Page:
Some, like Flint native Michael Moore, have loudly called for Gov. Rick Snyder to resign. Maybe he should, but it's hard to see how that would make things better. Snyder is undeniably very conservative, having pushed for right-to-work and anti-abortion laws during his five years in office, and joining the recent Republican chorus calling for Syrian refugees to be prevented from entering the country (this in a state with probably the nation's oldest, largest and most productive Arab-American population). On the other hand, Snyder broke ranks with conservatives, and earned the enmity of the Tea Party, for accepting the Medicaid expansion of the Affordable Care Act, and called for 50,000 visas for immigrants with degrees to help bolster Detroit's flagging economy. He never held public office before being elected governor, starting out as a CPA (which explains why he has the charisma of a tax accountant) and working his way up into corporate management. But while he may not be the perfect poster child for small government conservatism, he is nonetheless someone who clearly comes down on the side of private capital versus public expenditure. Even if we give him the benefit of the doubt that he is not a racist and would never have knowingly allowed Flint's water to be contaminated just to save a few dollars, he appears to be yet another wealthy political neophyte who just does not understand the consequences of his actions, let alone how dire those consequences are for the poor. Heck of a job, Brownie.

Freedom Fighters or Trespassers?

While some small towns in Maine willingly if reluctantly surrender local control to the county and state, others harbor dreams of freeing themselves from the burden of "tyrannical" government altogether. This, we gather, is the state of mind of the occupiers of a wildlife refuge in eastern Oregon. They claim as their mission the "return" of public lands to their "original owners", though they seem to have overlooked (but have been reminded) that (a) the lands originally belonged to Native American tribes whose descendants still live there, and (b) nearly all public lands in the western United States came directly into the possession of the federal government from those tribes through treaty, subterfuge or outright theft. At no point were they ever privately owned.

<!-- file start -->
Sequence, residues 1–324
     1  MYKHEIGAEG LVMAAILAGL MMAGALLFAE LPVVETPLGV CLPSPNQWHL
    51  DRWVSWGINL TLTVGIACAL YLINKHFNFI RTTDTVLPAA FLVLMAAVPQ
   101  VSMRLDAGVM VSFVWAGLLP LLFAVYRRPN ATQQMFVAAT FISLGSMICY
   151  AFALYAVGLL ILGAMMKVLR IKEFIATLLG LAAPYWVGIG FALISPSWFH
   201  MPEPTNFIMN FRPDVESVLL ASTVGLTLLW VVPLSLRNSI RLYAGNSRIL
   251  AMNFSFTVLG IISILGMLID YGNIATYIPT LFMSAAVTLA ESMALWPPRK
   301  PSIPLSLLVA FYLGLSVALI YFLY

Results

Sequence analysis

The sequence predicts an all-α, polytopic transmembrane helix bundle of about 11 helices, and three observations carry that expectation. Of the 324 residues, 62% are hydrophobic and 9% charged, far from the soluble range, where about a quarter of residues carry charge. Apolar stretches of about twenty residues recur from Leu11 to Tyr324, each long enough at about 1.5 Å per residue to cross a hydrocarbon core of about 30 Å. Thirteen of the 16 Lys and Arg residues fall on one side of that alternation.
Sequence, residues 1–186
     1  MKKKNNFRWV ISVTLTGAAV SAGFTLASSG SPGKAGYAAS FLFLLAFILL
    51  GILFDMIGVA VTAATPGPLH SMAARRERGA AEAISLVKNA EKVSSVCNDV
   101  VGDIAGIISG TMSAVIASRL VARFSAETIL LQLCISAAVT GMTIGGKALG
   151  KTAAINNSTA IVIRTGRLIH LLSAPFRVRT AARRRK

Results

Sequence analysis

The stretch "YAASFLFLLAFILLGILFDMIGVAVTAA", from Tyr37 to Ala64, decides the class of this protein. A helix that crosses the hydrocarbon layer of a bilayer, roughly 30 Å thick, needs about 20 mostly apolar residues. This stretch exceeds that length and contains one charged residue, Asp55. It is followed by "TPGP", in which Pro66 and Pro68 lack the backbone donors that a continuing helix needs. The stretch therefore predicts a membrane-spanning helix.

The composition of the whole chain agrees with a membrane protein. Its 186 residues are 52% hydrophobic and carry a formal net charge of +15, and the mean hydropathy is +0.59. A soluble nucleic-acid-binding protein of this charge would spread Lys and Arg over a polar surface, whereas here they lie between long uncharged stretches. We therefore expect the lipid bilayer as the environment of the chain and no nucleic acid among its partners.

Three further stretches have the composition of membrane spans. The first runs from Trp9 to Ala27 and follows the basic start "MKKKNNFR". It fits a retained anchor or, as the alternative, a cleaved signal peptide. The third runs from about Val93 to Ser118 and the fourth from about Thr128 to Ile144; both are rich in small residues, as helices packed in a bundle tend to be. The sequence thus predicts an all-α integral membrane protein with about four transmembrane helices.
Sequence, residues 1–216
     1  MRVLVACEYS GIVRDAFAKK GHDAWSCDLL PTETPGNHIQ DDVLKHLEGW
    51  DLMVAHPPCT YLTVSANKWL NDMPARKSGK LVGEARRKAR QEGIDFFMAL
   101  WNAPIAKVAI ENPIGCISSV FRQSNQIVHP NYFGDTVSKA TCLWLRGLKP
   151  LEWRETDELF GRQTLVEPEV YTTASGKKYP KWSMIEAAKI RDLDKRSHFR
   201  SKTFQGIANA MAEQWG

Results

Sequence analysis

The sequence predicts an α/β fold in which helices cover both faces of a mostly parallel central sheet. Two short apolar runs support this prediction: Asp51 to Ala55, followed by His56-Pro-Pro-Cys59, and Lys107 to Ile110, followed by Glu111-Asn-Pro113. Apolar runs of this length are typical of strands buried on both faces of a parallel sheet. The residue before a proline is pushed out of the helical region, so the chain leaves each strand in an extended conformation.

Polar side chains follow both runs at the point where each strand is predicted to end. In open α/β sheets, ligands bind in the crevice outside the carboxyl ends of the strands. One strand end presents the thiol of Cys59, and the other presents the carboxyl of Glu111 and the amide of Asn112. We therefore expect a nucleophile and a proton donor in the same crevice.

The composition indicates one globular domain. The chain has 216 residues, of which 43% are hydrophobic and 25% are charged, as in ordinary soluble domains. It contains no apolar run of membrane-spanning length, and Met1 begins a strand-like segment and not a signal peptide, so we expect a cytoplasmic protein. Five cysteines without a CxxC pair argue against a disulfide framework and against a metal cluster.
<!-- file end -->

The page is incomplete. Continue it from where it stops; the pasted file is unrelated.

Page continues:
The leader of the group, Ammon Bundy (son of the self-exposing racist Cliven Bundy) and his merry band of invaders have chosen a deliberately provocative way of making their point. There is a perfectly legitimate political argument to be made for opening up more public lands for private use, but armed insurrection is not going to draw much sympathy for your cause. They have not exactly been welcomed by the local population, either, on whose behalf they claim to be acting. Turning the land over to local control would be more meaningful if the locals actually wanted it. Most if not all of the nearby residents who have expressed an opinion have called for Bundy's bandits to leave from the day they arrived.